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air or blown into our face like soap bubbles by an extra-mundane Logos. On the contrary, he knows, and he says so himself, that my starting-point is from a positivist point of view impregnable, and it is exactly this impregnable character of the position I have taken that has roused so much anger among positivist philosophers.

But now comes the strangest of all arguments. The premisses from which I start are admitted to be impregnable, but as the facts in the history of religion are against them, it follows that after all, my premisses, positivist though they may be, must be wrong.

It is generally supposed that when we come to facts, all controversy must end, but we shall see that facts as well as fictions require careful handling.

Rig-veda. I had taken some of my facts from the Rig-veda, not because I consider that these hymns can bring us near to the very cradle of religious concepts, but simply because we possess no literary documents, so far as I know, that can bring us nearer to it, at least on Aryan ground. I maintained that when the Vedic Rishis celebrated the rivers, the dawn, the sky, or Indra, the god of the sky, they did not simply mean the objects which they saw, but also something beyond, call it unknown, indefinite, infinite, or divine.

Here I am flatly contradicted. The Hindu of the older Rig-veda,' we are told (p. 221), does not adore the Infinite which lies within or behind the dawn, but the dawn herself, whosoever that may be. Yes, 'who

1 Gruppe, p. 222, “Der Ausgangspunkt ist vom positivistischen Standpunkt aus unanfechtbar.'

soever that may be,' ŐOTIS TOT' &otiv, and this 'whosoever that may be’ is exactly what I mean by the invisible, the unknown, or the infinite behind the mere splendour of the morning rays. Who ever maintained that the Hindu adored the Infinite in its abstract form, or the Infinite by itself, as lying within or behind the dawn? All I said was that in choosing the dawn as a recipient of his praises, the Vedic poet, whether he was as yet conscious of it or not, meant. something more than the definite dawn, the reflected splendour of the sun, that lasted for a short time every day, and then vanished for ever. He meant something within or behind the dawn which did not vanish, which came again day after day, which manifested itself to his senses, but could never be fully grasped by them. This is so clear and so undeniable that nothing but the weakest objections could be raised against it.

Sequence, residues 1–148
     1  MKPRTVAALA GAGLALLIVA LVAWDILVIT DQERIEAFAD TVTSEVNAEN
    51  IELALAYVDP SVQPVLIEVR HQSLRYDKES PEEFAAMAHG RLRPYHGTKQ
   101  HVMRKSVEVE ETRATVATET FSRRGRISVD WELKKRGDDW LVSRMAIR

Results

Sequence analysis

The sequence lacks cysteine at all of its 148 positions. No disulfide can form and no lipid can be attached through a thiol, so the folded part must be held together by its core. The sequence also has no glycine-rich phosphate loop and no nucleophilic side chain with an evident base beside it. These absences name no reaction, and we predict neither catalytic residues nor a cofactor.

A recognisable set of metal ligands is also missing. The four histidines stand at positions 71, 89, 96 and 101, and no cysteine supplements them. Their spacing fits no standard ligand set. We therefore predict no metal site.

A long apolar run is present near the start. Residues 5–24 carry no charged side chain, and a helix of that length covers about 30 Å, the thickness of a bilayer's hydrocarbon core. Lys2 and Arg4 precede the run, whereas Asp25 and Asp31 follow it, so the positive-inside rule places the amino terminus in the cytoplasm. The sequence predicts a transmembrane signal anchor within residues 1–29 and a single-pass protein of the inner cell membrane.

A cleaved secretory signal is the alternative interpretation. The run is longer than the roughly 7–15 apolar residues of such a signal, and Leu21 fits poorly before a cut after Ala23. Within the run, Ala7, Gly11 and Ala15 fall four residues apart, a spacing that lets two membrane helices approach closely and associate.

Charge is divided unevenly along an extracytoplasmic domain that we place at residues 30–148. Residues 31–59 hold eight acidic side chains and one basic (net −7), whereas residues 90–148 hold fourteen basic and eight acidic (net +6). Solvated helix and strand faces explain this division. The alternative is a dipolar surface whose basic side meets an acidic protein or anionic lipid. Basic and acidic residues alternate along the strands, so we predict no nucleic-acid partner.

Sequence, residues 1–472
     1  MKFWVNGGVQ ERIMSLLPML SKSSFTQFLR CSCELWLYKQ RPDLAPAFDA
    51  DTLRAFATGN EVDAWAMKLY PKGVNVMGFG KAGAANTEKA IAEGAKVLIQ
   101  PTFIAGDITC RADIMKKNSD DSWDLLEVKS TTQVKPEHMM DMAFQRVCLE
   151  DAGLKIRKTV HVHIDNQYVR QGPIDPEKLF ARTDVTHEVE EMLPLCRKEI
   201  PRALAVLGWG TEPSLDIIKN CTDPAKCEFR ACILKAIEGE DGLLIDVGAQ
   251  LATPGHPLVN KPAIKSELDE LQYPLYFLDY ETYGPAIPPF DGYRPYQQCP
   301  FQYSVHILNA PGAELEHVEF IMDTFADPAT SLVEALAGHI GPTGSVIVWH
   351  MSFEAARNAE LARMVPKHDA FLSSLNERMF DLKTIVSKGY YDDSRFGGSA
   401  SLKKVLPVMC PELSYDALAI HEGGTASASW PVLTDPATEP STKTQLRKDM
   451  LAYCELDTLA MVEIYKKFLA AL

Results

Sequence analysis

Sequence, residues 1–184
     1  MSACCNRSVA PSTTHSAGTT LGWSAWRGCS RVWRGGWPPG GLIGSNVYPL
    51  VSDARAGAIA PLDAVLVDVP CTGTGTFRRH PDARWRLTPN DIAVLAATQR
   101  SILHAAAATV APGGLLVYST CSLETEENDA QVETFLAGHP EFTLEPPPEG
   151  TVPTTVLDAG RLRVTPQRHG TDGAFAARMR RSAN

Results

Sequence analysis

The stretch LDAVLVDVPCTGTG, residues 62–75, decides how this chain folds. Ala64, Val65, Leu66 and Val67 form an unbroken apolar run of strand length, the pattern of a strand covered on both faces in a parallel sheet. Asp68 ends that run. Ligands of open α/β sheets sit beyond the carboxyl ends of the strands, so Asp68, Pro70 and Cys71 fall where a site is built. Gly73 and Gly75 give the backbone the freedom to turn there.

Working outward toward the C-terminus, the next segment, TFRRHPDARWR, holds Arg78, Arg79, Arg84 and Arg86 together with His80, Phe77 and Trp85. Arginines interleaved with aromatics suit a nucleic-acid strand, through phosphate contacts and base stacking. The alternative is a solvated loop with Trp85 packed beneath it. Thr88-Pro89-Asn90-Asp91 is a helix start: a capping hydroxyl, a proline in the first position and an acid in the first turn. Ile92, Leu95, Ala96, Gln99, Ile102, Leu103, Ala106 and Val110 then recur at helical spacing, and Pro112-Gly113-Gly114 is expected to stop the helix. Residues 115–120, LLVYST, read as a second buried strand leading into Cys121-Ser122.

We are assured that nothing was further from the thoughts of the ancient poets than to try to comprehend or actually to grasp the incomprehensible and ungraspable, to fly up to the solar bird and there to see the eternal miracle face to face.' Who ever suggested such wild flights of fancy for the Vedic poets? It is wonderful enough that in their conception of one of their deities, of Aditi, the concept of the infinite should have found so early an expression, though here too probably at first under the image of the dawn or what lies beyond the dawn? We can

1 Aditi, an ancient god or goddess, is in reality the earliest name to express the Infinite ; not the Infinite as the result of a long process of abstract reasoning, but the visible Infinite, visible by the naked eye, the endless expanse beyond the earth, beyond the clouds, beyond the sky. That was called A-diti, the un-bound, the un. bounded ; one might almost say, but for fear of misunderstandings,

see again and again how the germs of the infinite, which are latent in such concepts as that of the dawn from the very beginning, burst out under different forms in the hymns of the Rig-veda.

The Dawn. One of the salient features of the dawn was its widespreading splendour. All the other luminaries had their small circumscribed spheres. The dawn, however, was always called the far-reaching, reaching to the very ends of heaven and earth. Thus we read, * The Dawns adorn themselves with splendours in the ends of the sky 1.'